In order to better interpret women’s history, Dubrow calls for less emphasis on notable women and more on “women’s collective accomplishments and activities and to fully encompass the diversity of female historical experience.” However, she still focuses largely on celebrating contributions of women and movements for reform rather than representing ordinary women or a more critical, complicated interpretation of the past. Dubrow does push beyond mere identification of sites though. She argues that the importance of these sites must be made publicly visible. Dubrow cites the quintessential example of a project that combines preservation with art and historical interpretation in order to interpret women’s past. Dolores Hayden’s “Power of Place” project identified sites relevant to women’s history; however, many were no longer standing or were substantially changed. Therefore, public art projects were commissioned on the sites to represent the women’s stories. This successful project serves as an exalted example of what could be achieved through the combined efforts of public history interpretation, preservation, and public art with art’s ability to attract public interest and engagement, “especially where there are few tangible reminders or in situ physical clues about the historical significance of the place.”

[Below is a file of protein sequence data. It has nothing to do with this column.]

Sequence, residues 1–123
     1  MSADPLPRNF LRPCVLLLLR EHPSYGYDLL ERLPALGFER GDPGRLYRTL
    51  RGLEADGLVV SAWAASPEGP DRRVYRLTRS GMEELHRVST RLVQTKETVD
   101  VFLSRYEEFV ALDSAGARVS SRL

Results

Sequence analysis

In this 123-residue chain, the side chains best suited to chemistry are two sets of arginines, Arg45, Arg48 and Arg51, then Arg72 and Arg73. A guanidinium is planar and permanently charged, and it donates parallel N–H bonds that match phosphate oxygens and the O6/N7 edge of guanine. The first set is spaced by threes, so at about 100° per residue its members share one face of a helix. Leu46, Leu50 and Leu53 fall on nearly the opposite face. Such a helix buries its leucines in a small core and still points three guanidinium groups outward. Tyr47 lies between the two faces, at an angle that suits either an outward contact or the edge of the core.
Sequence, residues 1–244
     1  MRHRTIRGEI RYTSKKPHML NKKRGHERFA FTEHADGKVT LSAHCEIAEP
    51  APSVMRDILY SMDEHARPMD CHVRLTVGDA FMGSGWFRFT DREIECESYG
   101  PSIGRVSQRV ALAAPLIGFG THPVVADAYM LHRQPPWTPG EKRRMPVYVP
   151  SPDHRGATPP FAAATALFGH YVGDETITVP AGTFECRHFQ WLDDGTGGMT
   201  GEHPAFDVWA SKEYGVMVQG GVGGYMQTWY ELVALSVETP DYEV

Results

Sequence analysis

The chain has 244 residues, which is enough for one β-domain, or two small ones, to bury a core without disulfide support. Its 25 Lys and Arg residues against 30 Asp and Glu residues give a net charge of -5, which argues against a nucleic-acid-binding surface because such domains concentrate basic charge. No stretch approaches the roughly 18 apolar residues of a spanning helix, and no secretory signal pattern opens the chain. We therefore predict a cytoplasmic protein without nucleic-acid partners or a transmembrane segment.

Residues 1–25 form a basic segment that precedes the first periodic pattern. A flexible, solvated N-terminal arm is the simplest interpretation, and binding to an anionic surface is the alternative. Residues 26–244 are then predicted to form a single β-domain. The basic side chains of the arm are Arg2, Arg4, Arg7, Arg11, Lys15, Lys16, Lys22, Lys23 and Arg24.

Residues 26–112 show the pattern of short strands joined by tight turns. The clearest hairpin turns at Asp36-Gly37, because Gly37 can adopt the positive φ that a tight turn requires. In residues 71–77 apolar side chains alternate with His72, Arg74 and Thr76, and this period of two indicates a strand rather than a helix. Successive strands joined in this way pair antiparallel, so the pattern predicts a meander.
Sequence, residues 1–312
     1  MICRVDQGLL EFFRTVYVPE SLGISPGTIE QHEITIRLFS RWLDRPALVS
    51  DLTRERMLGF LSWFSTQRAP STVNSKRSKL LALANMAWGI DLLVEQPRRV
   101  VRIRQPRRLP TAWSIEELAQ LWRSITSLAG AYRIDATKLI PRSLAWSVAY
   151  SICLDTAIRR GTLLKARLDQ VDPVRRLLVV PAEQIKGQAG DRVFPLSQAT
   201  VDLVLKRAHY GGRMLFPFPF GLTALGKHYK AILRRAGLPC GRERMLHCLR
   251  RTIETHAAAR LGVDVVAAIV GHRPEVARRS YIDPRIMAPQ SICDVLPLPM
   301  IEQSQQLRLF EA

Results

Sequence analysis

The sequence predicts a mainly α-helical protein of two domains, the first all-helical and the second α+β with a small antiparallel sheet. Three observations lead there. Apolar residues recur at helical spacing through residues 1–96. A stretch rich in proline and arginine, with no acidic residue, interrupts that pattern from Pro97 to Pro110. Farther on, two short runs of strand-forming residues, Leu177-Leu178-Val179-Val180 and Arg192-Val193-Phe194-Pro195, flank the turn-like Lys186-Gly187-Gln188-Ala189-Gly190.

This lack of remaining built structures is due to previous lack of identification of women’s history sites, an issue largely tied to the field of preservation’s emphasis on architectural integrity. Many women’s sites are not located in buildings that are otherwise significant for their architectural style.
The field of historic preservation has pushed not only for more interpretation of women’s history but also more comprehensive and critical interpretations that push beyond women’s domestic role which is interpreted over and over again in historic house museums. There has been and remains a need to present women’s history outside of domestic settings and to reinterpret domestic settings for the lives beyond the notable women or wives of famous men that lived there.
Her Past Around Us: Interpreting Sites for Women’s History, a collection of essays edited by Polly Wells Kaufman and Katharine T. Corbett, aimed to be a guide for local teachers and historical societies that were trying to include women’s stories in their local histories or sites. The volume includes eleven case studies that examine a wide variety of sites, some not generally associated with women’s history, some places of forgotten women’s activities, and some usually assumed to be in women’s domain but reinterpreted to present a more complicated view. This volume highlights the value of tangible resources and their ability to connect the public to the past and argues that local sites can offer Americans the specific connections to their present that they so desire when learning about the past.